Good academic reading and communication skills are crucial for university students. You have to understand and be able to cope with loads of information. And like that wouldn’t be enough you have to be able to think critical to form and question your opinions and arguments, be able to find information from different sources, compare them and be able to write in a scientific manner.
So I started by asking my father and my brother: “What do you think form academic reading and communication skills?” My father said he thinks proper understanding of academic text requires some kind of academic education or some prior knowledge to the topic. He said reading of, for example, a scientific article isn’t easy for a layman, because the terms of the scientific field in question. Well, it might be the case in the most difficult texts, but reading an average psychology article might not be that difficult, especially if the topic considers things people meet in normal life or in social communication.
My brother intervened the conversation and said: “But that’s why there’s the glossary in scientific articles” though he still stated that some kind of academic knowledge or some knowledge of the topic is needed to fully understand what the text is about. My father pointed the Tiede-magazine (Finnish science magazine) and asked don’t I think the magazine is made for a common person to understand science. I said yes, I think that’s the point of magazines like that, make science easy to understand to everybody. Scientific text has its rules and structure how to write it, and that’s important for the clarity and academic community’s understanding, but magazines like Tiede can be written more freely, because their purpose is different.
When talking about effective reading skills, according to Michael J. Wallace (2004) the title of the text is the first clue to the subject and can be taken almost as a brief summary of the topic. Michael J. Wallace (2004) states that reading in a focused way makes the understanding better. To focus the reading process he suggests asking oneself questions like: “In what way is the text relevant to me or what I’m trying to do?” or “What sort of questions do I expect this text to answer?” (Wallace, 2004). I think there’s a point in asking oneself questions: they guide your attention and attitude towards the text and help you focus your attention. Mostly reading texts you don’t think things like that, you just read them like you’ve always read.
Different strategies are to be used in different kind of texts. When you should get a broad overview of something but you don’t have to focus on details, you can use skimming. According to Andy Gillet (2007) skimming is about reading summaries, looking at chapter and section headings or the first and last paragraphs etc. A useful thing to do also in texts you will read carefully after skimming them. Kind of an opposite to skimming is scanning, looking for a specific information in the text. And when you really have to learn a text by detail, you can use detailed reading. By adapting your reading strategy to the text and your goals you should really get the best of it.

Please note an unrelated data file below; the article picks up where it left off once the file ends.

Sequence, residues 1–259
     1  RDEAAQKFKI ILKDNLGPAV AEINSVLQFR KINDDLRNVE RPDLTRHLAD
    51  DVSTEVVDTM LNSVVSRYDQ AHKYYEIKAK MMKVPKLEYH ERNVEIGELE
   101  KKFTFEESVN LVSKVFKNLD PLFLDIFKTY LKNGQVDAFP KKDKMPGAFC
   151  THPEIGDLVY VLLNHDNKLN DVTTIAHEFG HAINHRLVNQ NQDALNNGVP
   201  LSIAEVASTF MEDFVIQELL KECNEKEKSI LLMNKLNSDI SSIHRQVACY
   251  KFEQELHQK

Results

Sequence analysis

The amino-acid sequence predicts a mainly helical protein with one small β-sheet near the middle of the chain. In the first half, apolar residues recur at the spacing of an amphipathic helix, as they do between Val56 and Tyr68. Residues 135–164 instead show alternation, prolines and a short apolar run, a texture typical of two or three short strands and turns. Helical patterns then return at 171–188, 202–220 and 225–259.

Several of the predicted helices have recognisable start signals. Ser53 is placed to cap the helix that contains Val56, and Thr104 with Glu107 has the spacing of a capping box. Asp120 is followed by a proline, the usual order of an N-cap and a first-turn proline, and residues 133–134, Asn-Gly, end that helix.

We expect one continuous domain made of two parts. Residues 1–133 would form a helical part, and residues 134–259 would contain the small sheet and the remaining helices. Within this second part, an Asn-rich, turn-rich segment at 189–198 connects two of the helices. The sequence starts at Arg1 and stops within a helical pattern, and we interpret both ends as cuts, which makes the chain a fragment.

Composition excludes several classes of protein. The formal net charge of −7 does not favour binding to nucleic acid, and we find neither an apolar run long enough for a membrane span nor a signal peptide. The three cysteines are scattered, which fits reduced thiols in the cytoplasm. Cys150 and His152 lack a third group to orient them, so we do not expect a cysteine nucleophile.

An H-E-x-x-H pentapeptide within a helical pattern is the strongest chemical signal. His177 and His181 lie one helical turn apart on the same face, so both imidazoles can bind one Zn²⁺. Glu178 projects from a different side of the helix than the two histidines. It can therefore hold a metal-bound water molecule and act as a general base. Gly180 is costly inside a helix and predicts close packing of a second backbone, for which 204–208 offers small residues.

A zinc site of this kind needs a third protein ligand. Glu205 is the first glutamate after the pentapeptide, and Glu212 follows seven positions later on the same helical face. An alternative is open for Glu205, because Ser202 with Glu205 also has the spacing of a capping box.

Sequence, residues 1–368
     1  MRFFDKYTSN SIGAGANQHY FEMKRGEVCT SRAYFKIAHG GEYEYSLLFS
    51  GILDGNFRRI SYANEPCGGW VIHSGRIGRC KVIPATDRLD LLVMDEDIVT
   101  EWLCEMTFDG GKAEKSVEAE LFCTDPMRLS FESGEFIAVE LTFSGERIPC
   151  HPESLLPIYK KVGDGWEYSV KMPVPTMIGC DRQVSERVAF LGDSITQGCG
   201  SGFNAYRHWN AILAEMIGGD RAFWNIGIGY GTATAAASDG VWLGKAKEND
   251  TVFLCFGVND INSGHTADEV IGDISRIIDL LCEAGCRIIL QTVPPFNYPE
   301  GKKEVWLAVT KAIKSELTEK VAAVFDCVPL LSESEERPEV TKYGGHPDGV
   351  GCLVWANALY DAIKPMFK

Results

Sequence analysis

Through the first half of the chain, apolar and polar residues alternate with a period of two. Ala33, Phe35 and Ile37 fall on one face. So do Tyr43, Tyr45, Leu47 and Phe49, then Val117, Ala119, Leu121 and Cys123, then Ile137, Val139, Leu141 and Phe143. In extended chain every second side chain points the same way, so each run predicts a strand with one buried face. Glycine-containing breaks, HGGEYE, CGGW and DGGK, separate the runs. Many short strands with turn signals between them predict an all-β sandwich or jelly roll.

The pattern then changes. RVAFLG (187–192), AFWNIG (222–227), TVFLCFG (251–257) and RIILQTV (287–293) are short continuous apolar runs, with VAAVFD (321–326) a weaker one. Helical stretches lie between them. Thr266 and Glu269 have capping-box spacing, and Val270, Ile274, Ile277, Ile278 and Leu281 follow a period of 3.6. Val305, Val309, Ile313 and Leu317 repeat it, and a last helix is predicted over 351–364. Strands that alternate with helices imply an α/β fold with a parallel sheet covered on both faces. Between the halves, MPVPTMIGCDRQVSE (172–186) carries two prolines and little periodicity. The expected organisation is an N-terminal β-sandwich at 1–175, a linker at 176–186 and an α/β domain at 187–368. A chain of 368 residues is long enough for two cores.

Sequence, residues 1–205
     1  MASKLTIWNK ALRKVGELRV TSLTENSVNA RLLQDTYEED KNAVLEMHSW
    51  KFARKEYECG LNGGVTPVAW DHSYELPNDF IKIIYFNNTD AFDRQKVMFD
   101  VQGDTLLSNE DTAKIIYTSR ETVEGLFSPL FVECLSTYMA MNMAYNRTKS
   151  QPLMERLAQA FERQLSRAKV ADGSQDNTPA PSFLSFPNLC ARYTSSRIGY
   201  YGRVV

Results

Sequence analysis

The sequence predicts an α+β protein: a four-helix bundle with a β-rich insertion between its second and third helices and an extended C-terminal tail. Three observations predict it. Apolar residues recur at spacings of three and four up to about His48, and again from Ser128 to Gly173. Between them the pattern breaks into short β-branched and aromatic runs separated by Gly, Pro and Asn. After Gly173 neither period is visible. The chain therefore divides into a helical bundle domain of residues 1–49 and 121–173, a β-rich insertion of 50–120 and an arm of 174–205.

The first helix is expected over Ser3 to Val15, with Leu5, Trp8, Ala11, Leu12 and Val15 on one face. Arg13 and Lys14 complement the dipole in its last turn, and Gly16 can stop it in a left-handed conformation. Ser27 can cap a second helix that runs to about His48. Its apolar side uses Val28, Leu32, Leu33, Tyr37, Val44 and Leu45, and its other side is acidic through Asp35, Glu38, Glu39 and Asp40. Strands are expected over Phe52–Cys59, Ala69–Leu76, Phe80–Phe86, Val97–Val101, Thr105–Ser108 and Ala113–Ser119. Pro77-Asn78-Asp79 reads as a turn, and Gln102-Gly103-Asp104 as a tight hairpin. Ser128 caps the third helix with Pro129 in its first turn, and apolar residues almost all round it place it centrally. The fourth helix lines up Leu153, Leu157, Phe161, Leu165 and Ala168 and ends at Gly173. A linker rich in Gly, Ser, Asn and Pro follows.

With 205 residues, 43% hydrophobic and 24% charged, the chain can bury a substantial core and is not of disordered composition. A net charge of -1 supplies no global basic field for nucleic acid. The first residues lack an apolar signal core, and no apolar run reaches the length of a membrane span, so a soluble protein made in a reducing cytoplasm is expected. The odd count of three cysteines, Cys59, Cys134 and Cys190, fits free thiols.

According to Dustin Wax (2009), a good thing to do is to keep an academic reading journal. This means by writing down names of articles you’ve read, quotations from them, bibliography, a short synopsis and some comments that came in to your mind while reading it (Wax, 2009). I think it would certainly be a good idea to make that journal. There are pretty many articles or books I’ve read and from which I’d like to recall things afterwards, but I really don’t remember where did I take that piece of information that’s on my mind, or where could I check it again.
Andy Gillet (2007). Using English for Academic Purposes: A guide to students in higher education. Retrieved from: http://www.uefap.com/reading/readfram.htm (cited 12.9.2010)
Michael J. Wallace (2004). Study skills in English: A course in reading skills for academic purposes. Cambridge University Press. Retrieved from: http://assets.cambridge.org/97805215/33850/sample/9780521533850ws.pdf (cited 12.9.2010)
Dustin M. Wax (2009). Back to School: Keep an Academic Reading Journal. Retrieved from: http://www.lifehack.org/articles/productivity/back-to-school-keep-an-academic-reading-journal.html (cited 12.9.2010)
Changes I made: I put the year in the cites in text and organized the reference list alphabetically. I also changed the place of the year in the reference list. I had some problems providing information specific enough, because I didn’t really find more information than this. And I don’t know how to change this stupid green underlined font which just came out of the blue to my blog entry…